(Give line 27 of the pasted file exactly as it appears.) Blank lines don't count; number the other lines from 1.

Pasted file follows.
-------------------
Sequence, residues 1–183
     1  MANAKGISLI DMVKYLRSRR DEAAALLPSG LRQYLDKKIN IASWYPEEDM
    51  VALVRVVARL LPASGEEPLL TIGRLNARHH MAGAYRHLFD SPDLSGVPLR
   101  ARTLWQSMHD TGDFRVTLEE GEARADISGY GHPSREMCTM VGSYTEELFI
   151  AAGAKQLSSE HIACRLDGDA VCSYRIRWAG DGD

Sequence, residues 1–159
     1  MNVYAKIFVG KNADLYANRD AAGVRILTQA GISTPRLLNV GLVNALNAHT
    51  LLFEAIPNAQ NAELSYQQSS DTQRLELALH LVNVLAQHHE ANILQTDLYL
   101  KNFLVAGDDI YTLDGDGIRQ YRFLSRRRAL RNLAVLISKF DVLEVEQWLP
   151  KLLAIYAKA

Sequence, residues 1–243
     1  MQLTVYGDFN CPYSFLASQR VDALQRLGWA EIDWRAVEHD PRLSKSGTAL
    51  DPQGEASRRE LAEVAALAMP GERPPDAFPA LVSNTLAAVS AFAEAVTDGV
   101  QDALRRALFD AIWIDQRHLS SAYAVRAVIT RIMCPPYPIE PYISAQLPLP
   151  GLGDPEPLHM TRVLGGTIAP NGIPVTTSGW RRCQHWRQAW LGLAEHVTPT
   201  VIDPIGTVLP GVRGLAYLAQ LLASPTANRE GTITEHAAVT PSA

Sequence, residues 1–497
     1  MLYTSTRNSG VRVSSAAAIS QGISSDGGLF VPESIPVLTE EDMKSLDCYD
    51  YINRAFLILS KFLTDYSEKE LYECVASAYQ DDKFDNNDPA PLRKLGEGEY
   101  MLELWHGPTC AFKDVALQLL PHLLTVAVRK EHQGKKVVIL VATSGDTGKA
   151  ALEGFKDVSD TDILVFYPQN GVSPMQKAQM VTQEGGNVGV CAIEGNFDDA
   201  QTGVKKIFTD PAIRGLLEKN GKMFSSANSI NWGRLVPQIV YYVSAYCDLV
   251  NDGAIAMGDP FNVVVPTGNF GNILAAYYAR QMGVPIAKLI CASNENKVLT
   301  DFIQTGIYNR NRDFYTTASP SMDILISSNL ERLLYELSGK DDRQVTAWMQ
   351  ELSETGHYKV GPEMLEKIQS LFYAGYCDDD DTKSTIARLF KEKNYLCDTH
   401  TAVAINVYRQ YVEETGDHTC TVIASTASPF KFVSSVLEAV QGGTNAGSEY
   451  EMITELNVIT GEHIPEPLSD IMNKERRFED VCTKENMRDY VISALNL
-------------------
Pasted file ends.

   451  EMITELNVIT GEHIPEPLSD IMNKERRFED VCTKENMRDY VISALNL